(Petaling Jaya, Monday): The Health Ministry ordered a nation-wide meningococcal
meningitis alert on Saturday, which was two weeks too late, as first-year UiTM
mass communications student Kasnita Mohd Kassim, 29, might have lived if such a
nation-wide alert had been issued immediately
after the death of two Universiti Putra Malaysia (UPM) students in
Selangor, Loy Cheah Kee, 23, and D. Thiyagarajah, 23 on June 27 and June 29
respectively about the threat of the silent killer bacterial disease.
The death of Kasnita, mother of two, a three-year old son
and 18-month daughter, is tragic and avoidable if the Health Ministry had been
responsible and prompt in launching
a national awareness campaign about the silent killer disease, as her husband
Danie Manja Abdul Bahri said she did not show any symptoms of serious illness
until the last 48 hours of her life.
Kasnita had complained of a headache and feeling feverish
when she returned to her Shah Alam home from class at UiTM on Wednesday
afternoon and she took two paracetemol tablets. Her fever became worse on Thursday and she vomited
continuously later that night.
As Danie told reporters: It did not cross my mind that
it was serious because, although she was sick, she could still joke with our two
children and me.
Kasnita suddenly had a muscle spasm when she
was breastfeeding her daughter and never regained consciousness, and died
of meningitis two hours later after she was rushed and admitted to the Tengku
Ampuan Rahimah Hospital in Klang. She died of meningoencephalitis, or brain
inflammation, which is a meningitis variant.
After the death of the two UPM students
Loy Cheah Kee and Thiyagarajah from meningitis at the end of last month,
the Health Ministry had been negligent in not immediately launching a
nation-wide alert to make all Malaysians aware of the threat of the killer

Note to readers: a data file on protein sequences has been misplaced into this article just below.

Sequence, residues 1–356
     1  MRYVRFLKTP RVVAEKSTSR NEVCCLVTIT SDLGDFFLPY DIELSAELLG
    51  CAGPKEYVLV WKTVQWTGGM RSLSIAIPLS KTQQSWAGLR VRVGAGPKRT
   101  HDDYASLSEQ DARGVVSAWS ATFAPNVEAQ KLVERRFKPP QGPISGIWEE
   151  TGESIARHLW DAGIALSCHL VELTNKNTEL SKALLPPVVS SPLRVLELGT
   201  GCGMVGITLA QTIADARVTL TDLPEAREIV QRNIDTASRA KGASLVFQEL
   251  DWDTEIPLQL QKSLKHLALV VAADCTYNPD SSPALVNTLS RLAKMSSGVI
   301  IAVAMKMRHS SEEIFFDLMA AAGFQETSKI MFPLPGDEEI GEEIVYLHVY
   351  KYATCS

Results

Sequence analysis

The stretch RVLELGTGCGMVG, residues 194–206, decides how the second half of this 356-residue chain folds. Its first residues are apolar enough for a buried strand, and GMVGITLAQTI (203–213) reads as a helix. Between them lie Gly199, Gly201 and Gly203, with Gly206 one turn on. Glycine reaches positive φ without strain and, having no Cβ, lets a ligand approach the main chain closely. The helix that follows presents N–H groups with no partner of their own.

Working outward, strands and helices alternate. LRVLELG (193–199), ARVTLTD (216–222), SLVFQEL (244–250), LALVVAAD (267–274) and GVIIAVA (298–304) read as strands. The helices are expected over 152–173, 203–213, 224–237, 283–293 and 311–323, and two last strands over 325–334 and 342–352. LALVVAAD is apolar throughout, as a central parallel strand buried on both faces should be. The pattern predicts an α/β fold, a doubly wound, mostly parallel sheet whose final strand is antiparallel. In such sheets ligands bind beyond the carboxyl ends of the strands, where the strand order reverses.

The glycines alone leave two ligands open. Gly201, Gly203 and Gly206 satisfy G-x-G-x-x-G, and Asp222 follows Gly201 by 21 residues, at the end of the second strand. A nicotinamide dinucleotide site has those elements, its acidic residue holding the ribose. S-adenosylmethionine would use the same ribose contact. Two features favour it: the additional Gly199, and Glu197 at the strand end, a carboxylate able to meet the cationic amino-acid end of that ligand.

disease, for if Kasnita and Danie had been aware of the deadly
meningitis outbreak and had sought immediate medical treatment, Kasnita
would still be alive today.
The Health Minister, Datuk Chua Jui Meng should explain why
the Health Ministry issued a nation-wide meningococcal meningitis alert only
after three deaths in two weeks.
In fact, there had been two earlier deaths because of
meningitis in March this year two primary school pupils in Kuching and
the people had been kept mostly in the dark instead of being fully informed
about the silent killer disease. Chua should explain why Parliament was never
informed about the two meningitis deaths in Kuching in March although Parliament
was sitting in March and April.
A week ago, I had called on Chua and the Education Minister, Tan Sri Musa Mohamad to explain why there was a cover-up of the deaths of two UPM students last month from or linked to meningitis until they were unearthed by Malaysiakini in a remarkable piece of exclusive journalism on 8th July.
The death of two UPM students should have been made public at the first available opportunity to give UPM students accurate information as well as alert the people about the deaths and outbreak of the infectious disease, but for two weeks (even after the newsbreak), the UPM authorities failed to issue a full statement to the UPM undergraduates, leaving them to learn about the deaths and the killer disease through the campus grapevine.
The UPM authorities only managed to inform the UPM students about the disease on Saturday by way of a broadcast over Radio Malaysia Selangor from Bukit Ekspo, where a UPM campus fest was being held to mark the UPM convocation.
It is most unfortunate that there had been no further meningitis casualties from the UPM student population, or the UPM authorities would have a lot of explanation to do for its atrocious failure both in communications as well as in protecting the best welfare of the undergraduates.
The Health Minister owes the nation a full and no holds-barred statement to explain the meningitis outbreak, tracing back to the two primary school pupils in Kuching who died of the disease in March this year.